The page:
Whether your business is large or small, if you have employees, you probably struggle with productivity. A recent blog on Small Business CEO called "Offering New Employees Incentive Pay Instead of Large Salaries" brings up the ever important topic, How do you compensate your employees so that they work for you, are committed to you and are motivated to do the work that is important to the success of your business?
Believe it or not, the answer is simple. But with most simple answers, the implementation is the gotcha. The answer is to reward the behavior and results you want from your employees.
It doesn't matter at what level of your business your employees are, their compensation should be directly tied to the results and / or behavior you want. From the Janitor to the CEO - everyone should be rewarded based on production - not just effort. And definitely not for just showing up every day.
Sure, if you want someone to just occupy a chair (answer phone calls / man a desk) for a certain number of hours per day, and don't care what they do when they are there, then pay them an hourly wage or even a salary. But if you want them to actually do things that are important to the success of your business then reward them for what you want done - not for showing up.
Don't kid yourself though, this is a very scary concept for both you, as the business owner, and your employees. And it requires a lot of work. For you, as the employer / manager, you will need to take the time to figure out what you want and how to measure it, as well as how to compensate it. And for your employees, they most likely have never been held accountable for their work like this before and will be initially resistant to the idea.
Truth is, almost all employees would much rather continue to get paid just for showing up and doing what you tell them to do, than have their pay be dependent on the level or quality of their work. But that's what you are doing now - and if you are like most business owners / managers, it's not working for you.
I know in the current economic and social climate, with words like this, I might be calling for a lynch mob. But to be honest with you - when you build accountability into your compensation system and reward the behaviors that you desire in an employee two things happen:
1. You increase the production of your employees while often decreasing the need for excessive management oversight
2. You share with your employees the fruits of their labor. Literally you build a band of Entrepreneurial-Minded employees.
In order to implement these ideas, there are two things that you must do:
1. Figure out WHAT you want to reward.
2. Decide HOW to reward it.
So first we start with "WHAT" to reward. And that means writing Job Descriptions - Roles, Responsibilities and Goals for every position in your business. And yes, I know nobody wants to do this - as it is one of the most difficult things you will ever do as a manager / business owner. But, in spite of the hard work involved, I've got some good news for you, when you are done writing the job description with the help of your employees (as much as possible), you will literally be amazed at what happens. The work that you say you want to get done, will get done. And most likely they will be happier and more committed than you have ever seen them before.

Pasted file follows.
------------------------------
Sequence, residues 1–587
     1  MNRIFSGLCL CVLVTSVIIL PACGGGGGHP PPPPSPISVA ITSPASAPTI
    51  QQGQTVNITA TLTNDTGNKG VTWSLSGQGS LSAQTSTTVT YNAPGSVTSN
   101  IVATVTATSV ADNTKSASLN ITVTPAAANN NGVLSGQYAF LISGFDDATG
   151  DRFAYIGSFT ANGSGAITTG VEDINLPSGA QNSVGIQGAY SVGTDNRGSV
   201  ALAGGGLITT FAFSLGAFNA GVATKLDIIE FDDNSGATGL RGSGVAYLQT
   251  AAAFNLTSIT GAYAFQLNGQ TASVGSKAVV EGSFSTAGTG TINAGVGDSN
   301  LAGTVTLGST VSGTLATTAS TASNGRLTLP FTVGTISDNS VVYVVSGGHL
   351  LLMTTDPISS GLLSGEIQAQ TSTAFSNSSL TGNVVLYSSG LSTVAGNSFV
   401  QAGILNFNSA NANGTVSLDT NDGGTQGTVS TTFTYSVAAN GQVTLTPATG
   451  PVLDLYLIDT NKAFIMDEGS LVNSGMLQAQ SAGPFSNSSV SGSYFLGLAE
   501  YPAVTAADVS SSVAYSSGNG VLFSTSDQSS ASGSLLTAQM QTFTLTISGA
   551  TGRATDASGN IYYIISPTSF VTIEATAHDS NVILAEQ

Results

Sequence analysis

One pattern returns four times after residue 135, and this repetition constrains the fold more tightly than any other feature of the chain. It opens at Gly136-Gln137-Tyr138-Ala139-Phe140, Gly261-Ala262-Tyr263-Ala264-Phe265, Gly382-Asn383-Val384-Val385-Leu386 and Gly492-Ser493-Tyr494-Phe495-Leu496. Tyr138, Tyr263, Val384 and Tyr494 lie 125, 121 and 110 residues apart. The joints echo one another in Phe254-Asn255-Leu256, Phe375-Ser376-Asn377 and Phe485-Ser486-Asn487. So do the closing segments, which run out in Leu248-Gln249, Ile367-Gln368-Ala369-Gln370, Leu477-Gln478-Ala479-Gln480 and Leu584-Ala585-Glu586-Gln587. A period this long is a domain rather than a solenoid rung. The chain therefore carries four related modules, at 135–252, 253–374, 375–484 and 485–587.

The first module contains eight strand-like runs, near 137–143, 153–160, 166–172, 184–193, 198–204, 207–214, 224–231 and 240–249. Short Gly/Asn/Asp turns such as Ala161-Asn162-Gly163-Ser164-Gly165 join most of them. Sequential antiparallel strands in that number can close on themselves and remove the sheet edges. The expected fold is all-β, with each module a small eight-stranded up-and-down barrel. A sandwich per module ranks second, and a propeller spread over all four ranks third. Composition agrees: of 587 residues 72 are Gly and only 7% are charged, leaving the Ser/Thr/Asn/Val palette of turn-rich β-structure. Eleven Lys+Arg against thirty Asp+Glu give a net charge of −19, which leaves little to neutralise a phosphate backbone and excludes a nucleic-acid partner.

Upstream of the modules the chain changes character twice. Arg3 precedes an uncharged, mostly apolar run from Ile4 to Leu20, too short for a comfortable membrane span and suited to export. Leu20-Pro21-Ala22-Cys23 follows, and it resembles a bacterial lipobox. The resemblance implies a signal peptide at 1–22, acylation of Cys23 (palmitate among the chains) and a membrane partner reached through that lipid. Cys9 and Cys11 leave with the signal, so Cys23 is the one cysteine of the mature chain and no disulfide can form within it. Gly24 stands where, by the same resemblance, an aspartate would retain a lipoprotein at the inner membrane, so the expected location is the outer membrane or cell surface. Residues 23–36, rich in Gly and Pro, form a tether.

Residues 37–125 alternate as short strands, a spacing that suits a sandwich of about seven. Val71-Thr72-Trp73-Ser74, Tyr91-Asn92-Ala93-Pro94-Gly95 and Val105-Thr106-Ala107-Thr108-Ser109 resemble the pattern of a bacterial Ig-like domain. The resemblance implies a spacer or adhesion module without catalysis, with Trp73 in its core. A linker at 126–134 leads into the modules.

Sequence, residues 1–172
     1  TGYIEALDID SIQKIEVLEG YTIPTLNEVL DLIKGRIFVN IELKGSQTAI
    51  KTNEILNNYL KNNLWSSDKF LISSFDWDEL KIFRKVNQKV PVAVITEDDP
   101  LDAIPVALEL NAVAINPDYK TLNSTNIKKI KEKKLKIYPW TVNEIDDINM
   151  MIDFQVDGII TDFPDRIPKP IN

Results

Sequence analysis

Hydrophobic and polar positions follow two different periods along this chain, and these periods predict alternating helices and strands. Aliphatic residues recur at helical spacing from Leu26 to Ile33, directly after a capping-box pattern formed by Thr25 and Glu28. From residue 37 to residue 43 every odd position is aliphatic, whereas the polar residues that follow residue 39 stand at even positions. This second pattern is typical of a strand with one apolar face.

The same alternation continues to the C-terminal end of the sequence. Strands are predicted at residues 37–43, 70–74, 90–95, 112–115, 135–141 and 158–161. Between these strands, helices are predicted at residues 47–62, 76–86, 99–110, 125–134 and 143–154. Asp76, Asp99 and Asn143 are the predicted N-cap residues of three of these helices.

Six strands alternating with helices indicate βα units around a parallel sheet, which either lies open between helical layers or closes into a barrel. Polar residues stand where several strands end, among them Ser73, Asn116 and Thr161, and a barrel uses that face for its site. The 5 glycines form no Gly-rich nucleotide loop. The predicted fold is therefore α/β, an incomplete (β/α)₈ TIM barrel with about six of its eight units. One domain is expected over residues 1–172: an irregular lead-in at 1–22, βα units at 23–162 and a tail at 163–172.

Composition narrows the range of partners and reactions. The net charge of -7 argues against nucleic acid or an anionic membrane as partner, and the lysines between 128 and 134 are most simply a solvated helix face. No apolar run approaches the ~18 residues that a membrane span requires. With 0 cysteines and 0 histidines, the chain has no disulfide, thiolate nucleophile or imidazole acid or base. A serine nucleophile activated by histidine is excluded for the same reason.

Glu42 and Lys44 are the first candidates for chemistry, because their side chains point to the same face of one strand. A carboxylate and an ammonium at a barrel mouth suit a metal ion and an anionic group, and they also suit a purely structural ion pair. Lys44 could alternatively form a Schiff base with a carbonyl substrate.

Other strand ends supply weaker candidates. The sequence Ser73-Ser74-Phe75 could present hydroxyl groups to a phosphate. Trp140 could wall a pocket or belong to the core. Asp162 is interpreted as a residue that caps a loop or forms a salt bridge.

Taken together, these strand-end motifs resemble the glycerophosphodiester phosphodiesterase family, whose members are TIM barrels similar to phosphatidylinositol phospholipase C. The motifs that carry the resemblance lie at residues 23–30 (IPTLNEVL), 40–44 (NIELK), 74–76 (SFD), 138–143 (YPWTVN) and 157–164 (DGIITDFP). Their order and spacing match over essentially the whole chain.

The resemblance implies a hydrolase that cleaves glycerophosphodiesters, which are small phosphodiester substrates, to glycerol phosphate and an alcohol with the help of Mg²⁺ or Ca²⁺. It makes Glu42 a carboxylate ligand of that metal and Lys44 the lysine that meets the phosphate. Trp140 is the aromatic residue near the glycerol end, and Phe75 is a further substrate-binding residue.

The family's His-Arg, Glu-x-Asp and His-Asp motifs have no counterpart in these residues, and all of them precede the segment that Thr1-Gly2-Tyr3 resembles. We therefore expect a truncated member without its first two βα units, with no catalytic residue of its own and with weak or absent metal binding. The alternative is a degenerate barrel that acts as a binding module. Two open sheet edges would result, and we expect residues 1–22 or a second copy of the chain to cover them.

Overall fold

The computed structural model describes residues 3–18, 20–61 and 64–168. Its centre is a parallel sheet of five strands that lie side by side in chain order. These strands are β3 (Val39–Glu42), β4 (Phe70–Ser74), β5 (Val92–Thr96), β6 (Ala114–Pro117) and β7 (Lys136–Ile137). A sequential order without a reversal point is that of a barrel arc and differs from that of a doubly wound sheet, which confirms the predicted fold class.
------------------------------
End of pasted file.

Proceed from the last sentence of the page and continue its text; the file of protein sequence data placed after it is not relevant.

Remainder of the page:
Truth is, in the absence of a job description or your direction, employees will begin to do what they think they need to do. This isn't a bad thing, but it's rarely exactly what you want done. So don't leave things to chance - figure out what you want done, what you want them to do, and make it happen.
Second, in the process, is HOW you are going to compensate for accomplishing what the job description says for the your employees to do.
Traditional pay is usually built around one of three models: hourly, salary, or commission. None of these pay systems are bad, per se. However, you are getting what you pay for.
- In the case of hourly wages, you get hours. Production requires continuous management.
- In the case of salaried employees, you are paying someone to be there when you need them and to do a job, but whether they do it well or not, they still get paid. Again production requires continuous management - or a very well laid out plan.
- In the case of commission, you get results - but only exactly where you define them. But what you don't get is any form of allegiance to the business - because the employees are pretty much working for themselves.
I believe the answer is the blend of the compensation methods - a compensation system where the employee gets a base salary (I recommend 50% of target average income), including some form of benefits, plus some form of "results-based compensation" that is attached to their goals. And as they begin to produce what is required of them, they earn more and more - often with no limits, except their own ingenuity and hard work.
With this form of compensation, you are doing three things. First, you are demonstrating a level of commitment from the company to the employee by giving them a salary that they can count on (even though they won't be able to live on it). Second you are giving them incentive to do the work that you want done, minimizing the "oversight" of constant management - literally the compensation has built in accountability. And finally if they decide to produce more than is expected of them, they have the ability to take home an even higher salary, as they benefit with you in the profits of their labor.
So, if you are tired of struggling with idea of either being a micro-manager or not getting the productivity that you want and / or need, then think about doing something a bit different - think about rewarding the behavior and results that you want from your employees.